Speaking on national radio on 3 December 1966, Nikolaus Pevsner expressed 'acute discomfort'at the emergence of what he termed 'neoexpressionism', the 'radically original architecture'heralded by Ronchamp and the like. The talk, which is included in full in the new paperback edition of Pevsner on Art and Architecture: the Radio Talks, marked the 30-year anniversary of the publication of Pevsner's Pioneers of Modern Design: from William Morris to Walter Gropius, and noted the changes in the architectural scene in the interceding years.But it would be no less pertinent if it were written today.The comments on, say, Paul Rudolph's Art and Architecture Building ('What a heritage he has left his successor!
Every cubic foot of this building says 'Rudolph'What can a successor, of different principles and maybe believing in a different routine, do with such a building?') could equally be applied to any number of failed lottery projects that prove too idiosyncratic to be reappropriated for any other use.
For Pevsner, the problem illustrated the 'danger of personality cult and the blessings of modesty, faith in service and certain neutrality'.He grudgingly acknowledged the argument that buildings such as Ronchamp and the Sydney Opera House deserve a more than utilitarian appearance.But this was swiftly countered with his unease at the notion of 'one style for church and concert hall, another for the hotel or hospital, the offices and the flats - one style for Sundays, another for weekdays'- a distinction which is increasingly erroneous now that church-goers are in a minority and most cultural consumption takes place in the home. In any case, he argued, expressionist architecture, as well as being inflexible, is needlessly extravagant and an intrusive means of subjecting innocent parties to the architect's mood.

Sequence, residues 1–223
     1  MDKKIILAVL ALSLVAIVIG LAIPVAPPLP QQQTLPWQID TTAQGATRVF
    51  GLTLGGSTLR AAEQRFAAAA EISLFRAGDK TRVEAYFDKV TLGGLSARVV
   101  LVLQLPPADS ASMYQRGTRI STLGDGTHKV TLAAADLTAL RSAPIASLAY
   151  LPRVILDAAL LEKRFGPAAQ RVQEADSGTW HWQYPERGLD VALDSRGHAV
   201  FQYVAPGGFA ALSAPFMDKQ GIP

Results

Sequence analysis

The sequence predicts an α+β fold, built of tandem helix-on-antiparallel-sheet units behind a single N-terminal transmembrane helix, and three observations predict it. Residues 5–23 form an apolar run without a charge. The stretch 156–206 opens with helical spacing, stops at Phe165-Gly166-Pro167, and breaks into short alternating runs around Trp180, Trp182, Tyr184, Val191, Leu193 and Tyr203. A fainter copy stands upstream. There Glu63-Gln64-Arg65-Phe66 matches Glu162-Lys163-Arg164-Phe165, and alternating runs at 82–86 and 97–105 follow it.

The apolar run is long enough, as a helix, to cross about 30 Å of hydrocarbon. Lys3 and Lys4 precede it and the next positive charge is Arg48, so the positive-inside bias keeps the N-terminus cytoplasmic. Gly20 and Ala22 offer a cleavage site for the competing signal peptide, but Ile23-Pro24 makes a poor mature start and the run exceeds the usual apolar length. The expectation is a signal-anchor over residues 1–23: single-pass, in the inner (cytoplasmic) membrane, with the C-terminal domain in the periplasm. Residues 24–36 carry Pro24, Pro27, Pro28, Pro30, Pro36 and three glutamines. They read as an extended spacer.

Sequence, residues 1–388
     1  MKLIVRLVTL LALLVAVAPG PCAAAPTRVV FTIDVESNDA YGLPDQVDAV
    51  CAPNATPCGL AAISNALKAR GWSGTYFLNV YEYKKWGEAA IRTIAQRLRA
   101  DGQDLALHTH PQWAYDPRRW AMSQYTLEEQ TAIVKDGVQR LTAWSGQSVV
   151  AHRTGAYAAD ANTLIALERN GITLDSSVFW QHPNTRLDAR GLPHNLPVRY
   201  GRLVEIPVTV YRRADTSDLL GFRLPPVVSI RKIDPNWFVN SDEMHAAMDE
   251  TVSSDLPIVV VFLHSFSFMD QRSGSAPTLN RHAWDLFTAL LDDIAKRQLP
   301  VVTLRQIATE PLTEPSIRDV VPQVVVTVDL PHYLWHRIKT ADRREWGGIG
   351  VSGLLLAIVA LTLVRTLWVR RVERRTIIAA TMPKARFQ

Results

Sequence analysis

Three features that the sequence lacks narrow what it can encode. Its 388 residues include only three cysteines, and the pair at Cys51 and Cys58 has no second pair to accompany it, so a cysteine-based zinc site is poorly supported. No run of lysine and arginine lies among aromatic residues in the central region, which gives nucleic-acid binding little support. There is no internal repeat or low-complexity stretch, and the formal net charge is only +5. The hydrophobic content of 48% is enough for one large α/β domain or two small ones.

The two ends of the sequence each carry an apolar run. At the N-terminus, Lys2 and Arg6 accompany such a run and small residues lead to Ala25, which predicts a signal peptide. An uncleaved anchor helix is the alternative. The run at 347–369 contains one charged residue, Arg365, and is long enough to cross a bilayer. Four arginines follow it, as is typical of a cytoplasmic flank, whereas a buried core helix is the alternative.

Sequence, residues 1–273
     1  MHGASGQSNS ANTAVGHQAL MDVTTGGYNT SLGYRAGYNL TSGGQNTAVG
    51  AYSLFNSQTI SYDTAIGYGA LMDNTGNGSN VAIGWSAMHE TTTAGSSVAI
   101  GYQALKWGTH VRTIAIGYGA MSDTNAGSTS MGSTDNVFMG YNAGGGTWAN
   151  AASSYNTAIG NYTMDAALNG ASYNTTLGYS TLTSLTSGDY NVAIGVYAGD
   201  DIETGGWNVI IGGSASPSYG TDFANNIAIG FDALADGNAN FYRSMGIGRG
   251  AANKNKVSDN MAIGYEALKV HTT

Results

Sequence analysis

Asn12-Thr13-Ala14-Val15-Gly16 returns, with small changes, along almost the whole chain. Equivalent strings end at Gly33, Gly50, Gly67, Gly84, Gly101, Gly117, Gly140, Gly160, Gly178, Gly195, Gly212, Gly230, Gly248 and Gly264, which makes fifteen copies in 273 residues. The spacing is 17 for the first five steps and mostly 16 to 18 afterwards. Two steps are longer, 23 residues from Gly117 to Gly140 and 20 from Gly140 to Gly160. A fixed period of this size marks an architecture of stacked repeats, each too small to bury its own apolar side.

But by the logic of his own argument, even such a purist as Pevsner may have forgiven (not liked, granted, but forgiven) the extravagant flight of fancy featured on pages 30-39.Designed purely for the architect's weekend use, it is 'Sunday architecture', which does not force its colourful personality on an unsuspecting public - and for which, crucially, the architect picks up the bill.